This is what emerges from the study Preparing the new generation for the future of work, published by the World Summit of Educational Innovation (WISE) – an initiative of the Qatar Foundation-, for which 2,517 young people between the ages of 18 and 25 have been surveyed in the United Kingdom, France, Belgium, Germany and Spain. 88% of respondents feel that the guidance service is not up to standard and they would like to have had school counseling at the time they began to choose their educational itineraries. Spaniards are the most discontented, the country with the highest youth unemployment rate; 34.1% compared to 6.1% in Germany. The lack of training of counselors and teachers on the professions of the future is another shortage detected by the students, according to the report.
"We are not satisfied, they have reduced the staff of the orientation departments, we want to be agents of change and work with a model based on prevention and not be a constant fire extinguisher", regrets Ana Cobos, president of the Confederation of Psychopedagogues and Guidance (COPOE). In 1970, the General Law of Education recognized the right of students to orientation in educational centers and, since then, it has been included in all subsequent organic laws. It is the autonomies that regulate their functions and organization. The problem, according to the group, is that they are assigned more tasks than they can assume: psychopedagogical assessment, schooling reports or individualized plans for students with learning difficulties. To that is added academic and professional advice, which is just one of the legs. In addition, sometimes they combine that activity with teaching in subjects of their specialty, such as psychology.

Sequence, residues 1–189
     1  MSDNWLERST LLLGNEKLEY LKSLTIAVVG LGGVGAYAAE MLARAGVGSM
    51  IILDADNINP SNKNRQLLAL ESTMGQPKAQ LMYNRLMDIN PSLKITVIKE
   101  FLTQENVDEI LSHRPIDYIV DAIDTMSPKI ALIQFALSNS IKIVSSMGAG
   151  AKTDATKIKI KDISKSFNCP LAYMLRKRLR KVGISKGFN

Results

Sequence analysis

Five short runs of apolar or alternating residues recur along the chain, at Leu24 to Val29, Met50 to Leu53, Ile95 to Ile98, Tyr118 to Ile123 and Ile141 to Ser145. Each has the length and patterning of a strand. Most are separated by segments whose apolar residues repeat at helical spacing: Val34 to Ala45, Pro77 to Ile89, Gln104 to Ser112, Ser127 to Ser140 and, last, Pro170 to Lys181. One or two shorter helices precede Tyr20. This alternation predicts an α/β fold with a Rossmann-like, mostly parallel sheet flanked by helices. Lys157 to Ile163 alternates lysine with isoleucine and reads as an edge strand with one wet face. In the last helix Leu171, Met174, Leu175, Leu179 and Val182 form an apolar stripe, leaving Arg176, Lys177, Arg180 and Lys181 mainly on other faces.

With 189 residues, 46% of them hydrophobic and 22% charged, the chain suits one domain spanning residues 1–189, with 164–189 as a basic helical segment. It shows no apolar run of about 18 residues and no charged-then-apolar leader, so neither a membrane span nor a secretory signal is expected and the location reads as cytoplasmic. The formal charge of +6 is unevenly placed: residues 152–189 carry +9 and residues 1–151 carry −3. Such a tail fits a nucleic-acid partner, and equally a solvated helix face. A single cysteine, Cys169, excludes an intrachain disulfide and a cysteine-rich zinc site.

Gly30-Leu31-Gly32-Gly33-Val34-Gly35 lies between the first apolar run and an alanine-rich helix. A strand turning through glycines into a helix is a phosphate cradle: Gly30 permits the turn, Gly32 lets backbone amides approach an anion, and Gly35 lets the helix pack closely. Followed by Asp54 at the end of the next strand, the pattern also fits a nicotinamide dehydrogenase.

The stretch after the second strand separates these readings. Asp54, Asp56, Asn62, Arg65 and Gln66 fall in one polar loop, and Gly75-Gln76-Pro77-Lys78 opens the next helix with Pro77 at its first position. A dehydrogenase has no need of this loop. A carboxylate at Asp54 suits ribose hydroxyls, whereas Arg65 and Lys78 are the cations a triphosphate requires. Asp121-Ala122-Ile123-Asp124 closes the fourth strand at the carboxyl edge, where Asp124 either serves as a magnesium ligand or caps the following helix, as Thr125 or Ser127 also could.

In different reports, the Unesco recommends a school counselor for every 250 students, but according to data from Ministry of Education Spanish that ratio is exceeded in most centers, even reaching one counselor for every 1,000 students. According to COPOE, the Spanish average is one for every 800 students. "The overload of work does not allow us to work in depth in the academic or other equally important as the prevention of sexist violence, harassment, or the promotion of healthy lifestyle habits," says Ana Cobos. Punctual interventions that "do not go to the root of the problem," he admits.
Ratios like the one in Spain do not allow the counseling service to be "effective", says Vivian Onano, coauthor of the annual report Education Monitoring Report of Unesco. "It is necessary that the counselor invest time in the student, to study his case to have an impact on the decisions he makes". The students with the lowest socioeconomic profiles suffer the most, says Onano, as they do not have family networks with higher education that serve as a guide. "Their job is also to motivate students to discover their potential, if they do not know what options they have, what sense does it make for them to stay in school?" He argues.